Estate Planning as a Safety Net for Unexpected Accidents  

 In Estate Planning/Wills

Developing an estate plan should be on everyone’s to do list. Not only is this important for the future of your assets and avoiding probate, but it allows you to state preferences that may not otherwise be obvious. Most people create an estate plan so they have peace of mind that what they have built over a lifetime is protected. And there are documents within an estate plan that can be used in specific circumstances. Such as in the event of an unexpected personal injury accident, where a person’s preferences about medical care and life support can be abided by, since they will have outlined it in their medical directive. Below, our friends at Cohen & Cohen offer more insight into estate planning, probate, and the impact of personal injury accidents.

What Happens During Probate

No probate process is the same as another, however, there are common elements that tend to apply. During probate, estate assets are evaluated, creditors are notified, litigation occurs, and taxes are handled. The process of locating, identifying, and safeguarding estate assets starts shortly after someone passes away. Family members and executors of the estate have to ensure assets are transferred to beneficiaries and/or legal heirs accordingly. Creditors are notified about the probate process and each claim must be thoroughly examined. If someone challenges a will, then litigation will happen. Lastly, taxes such as estate taxes and federal gifts have to be calculated and paid, in addition to an estate tax return.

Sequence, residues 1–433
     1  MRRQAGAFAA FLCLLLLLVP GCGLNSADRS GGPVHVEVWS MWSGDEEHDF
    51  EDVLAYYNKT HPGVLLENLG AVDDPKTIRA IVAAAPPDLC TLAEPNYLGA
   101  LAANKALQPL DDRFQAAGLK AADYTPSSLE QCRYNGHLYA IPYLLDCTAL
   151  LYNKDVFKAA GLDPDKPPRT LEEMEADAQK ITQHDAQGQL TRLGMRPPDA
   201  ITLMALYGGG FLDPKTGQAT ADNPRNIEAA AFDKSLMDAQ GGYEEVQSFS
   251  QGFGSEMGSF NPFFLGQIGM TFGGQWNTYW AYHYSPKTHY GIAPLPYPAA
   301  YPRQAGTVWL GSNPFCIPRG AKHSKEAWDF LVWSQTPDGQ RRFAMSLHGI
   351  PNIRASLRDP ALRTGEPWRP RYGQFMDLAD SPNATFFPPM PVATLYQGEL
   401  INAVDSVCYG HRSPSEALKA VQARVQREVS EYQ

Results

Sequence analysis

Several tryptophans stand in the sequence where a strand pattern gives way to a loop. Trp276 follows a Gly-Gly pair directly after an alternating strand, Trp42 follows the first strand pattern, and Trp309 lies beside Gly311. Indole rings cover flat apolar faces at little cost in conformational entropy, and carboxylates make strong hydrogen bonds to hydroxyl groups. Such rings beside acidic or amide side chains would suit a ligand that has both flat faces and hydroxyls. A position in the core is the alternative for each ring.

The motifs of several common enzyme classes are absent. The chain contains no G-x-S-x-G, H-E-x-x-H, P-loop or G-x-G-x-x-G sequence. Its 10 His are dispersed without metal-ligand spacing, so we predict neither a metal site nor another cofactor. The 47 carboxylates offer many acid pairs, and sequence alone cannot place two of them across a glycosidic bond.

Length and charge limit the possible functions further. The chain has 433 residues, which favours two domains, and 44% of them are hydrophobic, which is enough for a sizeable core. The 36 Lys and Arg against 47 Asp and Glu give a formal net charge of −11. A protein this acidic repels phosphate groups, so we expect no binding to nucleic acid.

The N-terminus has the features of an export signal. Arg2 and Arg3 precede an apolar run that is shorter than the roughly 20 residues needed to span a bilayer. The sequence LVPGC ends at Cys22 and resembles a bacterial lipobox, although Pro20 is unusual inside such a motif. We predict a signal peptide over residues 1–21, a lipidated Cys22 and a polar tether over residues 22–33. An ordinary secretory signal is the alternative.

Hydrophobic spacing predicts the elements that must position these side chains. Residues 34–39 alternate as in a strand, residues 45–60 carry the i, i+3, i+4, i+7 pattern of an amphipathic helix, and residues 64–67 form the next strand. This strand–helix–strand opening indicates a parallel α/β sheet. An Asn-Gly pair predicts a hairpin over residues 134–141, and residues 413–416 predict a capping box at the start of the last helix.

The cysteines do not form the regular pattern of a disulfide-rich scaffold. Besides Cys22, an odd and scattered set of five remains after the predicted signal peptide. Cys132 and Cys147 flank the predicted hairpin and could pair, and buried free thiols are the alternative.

Establishing an Estate Plan

Many people think about the future of their lives and those around them when establishing an estate plan. This is a great way to set forth instructions for to whom and what assets you want distributed after you have passed on. Examples of estate planning documents include power of attorney, last will and testament, advanced healthcare directive, life insurance policies, trusts, guardianship, HIPAA authorization, retirement accounts and annuities, titles and property deeds, and more. Depending on your situation and future wishes, you may or may not need to have all of these documents.

Personal Injury Accidents

Another reason people establish an estate plan is so that in the event of an unexpected injury, their family would know what their preferences are in regards to medical care and life support. For instance, if someone was involved in a serious car accident and was so injured they were unable to communicate their wishes and preferences, then their family would refer to a medical directive in the estate plan. This document can be shared with your car accident lawyer, and would state how that person wants medical choices to be made if they become incapacitated or lose the ability to make decisions for themselves. While not one wants to imagine this reality unfolding, being prepared just in case can provide relief to close relatives who may not be able to make confident medical choices in that kind of situation.

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